Christopher Howard conducts monthly relocation/retirement tours fill in the form below to receive Chrisopher’s free book when you register for a tour and have him contact you personally. For details please see: www.liveincostarica.com. He also has authored and published 17 editions of “The New Golden Door to Retirement and Living in Costa Rica” and other guides about living in Costa Rica. See www.costaricabooks.com

Parts of this article was originally published in Christopher Howard’s blog at www.liveincostarica.com/blog

 

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CR ESL Teaching; Anxiety in Your First Class

Teaching English in Costa Rica - The first day of a new job is always filled with anxiety. You want to make a good first impression. You want things to go smoothly. You don’t know exactly how everything will play out and are terrified of making a mistake for fear of repercussions. Most of the anxiety comes from not knowing what is going to happen. 

Let me take the opportunity to defuse all of that anxiety for you. In the ESL world, there is absolutely no need to worry about your first class. Your superiors, colleagues and students all know exactly how it’s going to go: badly.

This doesn’t mean anything. Almost every teacher’s first ESL class is a regrettable one. No one is judged, loses a job, or is placed in a certain category after their first class; having it go poorly is what is supposed to happen. It is what you take from your first ESL class experience and how you apply it going forward that will make or break your fate in the business.

This doesn’t only apply to those without prior teaching experience. A common thought among former high school or elementary school teachers is that their experience will automatically translate into instant success in a foreign ESL classroom. This is not normally the case. Teaching ESL is a different animal than teaching other disciplines and there is a steep learning curve just like in any other platform.

I’ve had many conversations with very experienced teachers about their shock at how inept they felt in the ESL classroom. While there is something to be said for having the experience of standing in front of a group of people and instructing them on a topic, the experience of having that group of people not understand the words you are saying cannot be paralleled.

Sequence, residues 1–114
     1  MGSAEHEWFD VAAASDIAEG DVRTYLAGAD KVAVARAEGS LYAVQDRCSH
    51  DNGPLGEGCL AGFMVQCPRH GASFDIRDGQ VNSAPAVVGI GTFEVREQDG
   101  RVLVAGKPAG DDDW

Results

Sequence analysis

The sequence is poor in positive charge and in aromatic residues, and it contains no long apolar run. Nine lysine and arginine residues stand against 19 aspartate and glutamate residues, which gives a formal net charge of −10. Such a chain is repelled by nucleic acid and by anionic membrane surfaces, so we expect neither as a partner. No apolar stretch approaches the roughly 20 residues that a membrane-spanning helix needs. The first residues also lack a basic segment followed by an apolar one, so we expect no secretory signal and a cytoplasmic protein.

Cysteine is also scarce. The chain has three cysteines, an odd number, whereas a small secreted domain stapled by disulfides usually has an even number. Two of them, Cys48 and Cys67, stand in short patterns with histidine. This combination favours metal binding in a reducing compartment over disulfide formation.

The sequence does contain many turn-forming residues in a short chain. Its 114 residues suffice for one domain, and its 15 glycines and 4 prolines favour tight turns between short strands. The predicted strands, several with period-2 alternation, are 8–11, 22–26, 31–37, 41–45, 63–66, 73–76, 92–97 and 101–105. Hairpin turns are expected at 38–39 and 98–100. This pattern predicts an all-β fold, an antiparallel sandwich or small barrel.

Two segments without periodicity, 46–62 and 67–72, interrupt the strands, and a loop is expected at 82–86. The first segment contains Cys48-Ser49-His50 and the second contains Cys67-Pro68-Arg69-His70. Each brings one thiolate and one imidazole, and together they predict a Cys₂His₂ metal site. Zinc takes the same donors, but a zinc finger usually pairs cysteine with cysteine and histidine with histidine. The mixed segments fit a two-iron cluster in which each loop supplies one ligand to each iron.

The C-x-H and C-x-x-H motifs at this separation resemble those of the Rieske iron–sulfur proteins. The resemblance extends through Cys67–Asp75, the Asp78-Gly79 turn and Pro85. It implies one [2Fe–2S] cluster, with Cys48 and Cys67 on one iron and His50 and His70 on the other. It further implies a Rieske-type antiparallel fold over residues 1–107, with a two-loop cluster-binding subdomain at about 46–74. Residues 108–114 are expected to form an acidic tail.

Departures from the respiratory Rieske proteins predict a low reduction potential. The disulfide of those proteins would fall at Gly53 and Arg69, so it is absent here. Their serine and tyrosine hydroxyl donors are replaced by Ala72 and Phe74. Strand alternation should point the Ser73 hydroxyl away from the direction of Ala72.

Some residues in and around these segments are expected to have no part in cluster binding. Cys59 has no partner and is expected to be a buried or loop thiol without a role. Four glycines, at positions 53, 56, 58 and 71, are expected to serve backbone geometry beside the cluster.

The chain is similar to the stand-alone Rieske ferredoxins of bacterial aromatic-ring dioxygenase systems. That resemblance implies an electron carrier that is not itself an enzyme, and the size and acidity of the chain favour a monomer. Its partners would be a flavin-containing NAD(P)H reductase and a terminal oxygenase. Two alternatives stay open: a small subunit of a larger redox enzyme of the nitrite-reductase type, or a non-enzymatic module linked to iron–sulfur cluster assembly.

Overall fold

Teaching English as a foreign language involves a much different skill-set than teaching any other discipline. The ability to convey meaning without the use of words requires practice and a lot of patience. In this light, those with previous teaching experience and those without are in the same boat in terms of ESL teaching.

In some cases, those without any teaching experience are actually better off. It is natural to take what you have learned in a career and apply it to another position, but in many cases that doesn’t correlate well in the context of ESL. Experienced teachers who try to force-feed tested approaches from other platforms often don’t find a lot of success. Teachers who are completely new to the field and are starting from square one can find an advantage in that they have nothing to compare ESL teaching to.

Where should I sit in comparison to my students? Should I sit at all? Will this activity be effective? Will they all understand it? What’s the present perfect structure again?

There is so much to remember in the beginning. Most of the focus in the early going is on these essential aspects of the class – and those with a TESOL or TESFL certification will know that everything from eliminating physical barriers to where students physically sit is as big a part of the class as any. This is why it takes some time to acclimate and to create your ideology as a foreign language teacher.

Once this happens, you can go on perfecting your craft and delivering even more dynamic classes. Just don’t be nervous about being bad at the beginning. Everyone knows that already.

If you want more information about teaching English in Costa Rica or getting your TEFL or TESOL certificate in Costa Rica feel free to contact Andrew at the Global TESOL College or email andrew@globaltesolcostarica.com

Originally from Toronto, Canada, Woodbury is the academic director of Global TESOL College Costa Rica , a contributor to radio program This Week in Costa Rica (http://thisweekincostarica.com/), and an independent writer based in Costa Rica.

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A Pet-Owner’s License in Costa Rica?

The Costa Rica Star - The next time your daughter in Costa Rica looks at you with sad puppy eyes and tells you she wants a puppy, you might have to tell her: “Sorry, honey. We don’t have a license for that.”

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A bi-partisan legislative proposal recently introduced in the National Assembly of Costa Rica will require a household permit or certificate for those who want to care for companion animals. According to national newspaper La Nacion, that would represent 73 percent of the population in Costa Rica.

The proposal to make a pet-owner’s license a legal requirement in Costa Rica has some strong political support. Legislators Xinia Espinoza from the National Liberation (Spanish initials: PLN) party plus Jose Roberto Rodriguez from the Social-Christian Unity (PUSC) party are the authors of the proposed amendment to the Animal Welfare Law of Costa Rica, which was enacted in 1994.

May I See Your Pet-Owner’s License, Please?

The license would consist of a permit issued after the prospective pet owner attends a course given by the National Animal Health Service (Spanish acronym: SENASA). A legislative assistant for Xinia Espinoza explained to La Nacion that the SENASA course may take one afternoon, and that it may consist of basic care, how to deal with young animals, how to deal with older animals, what to do when they are sick, etc.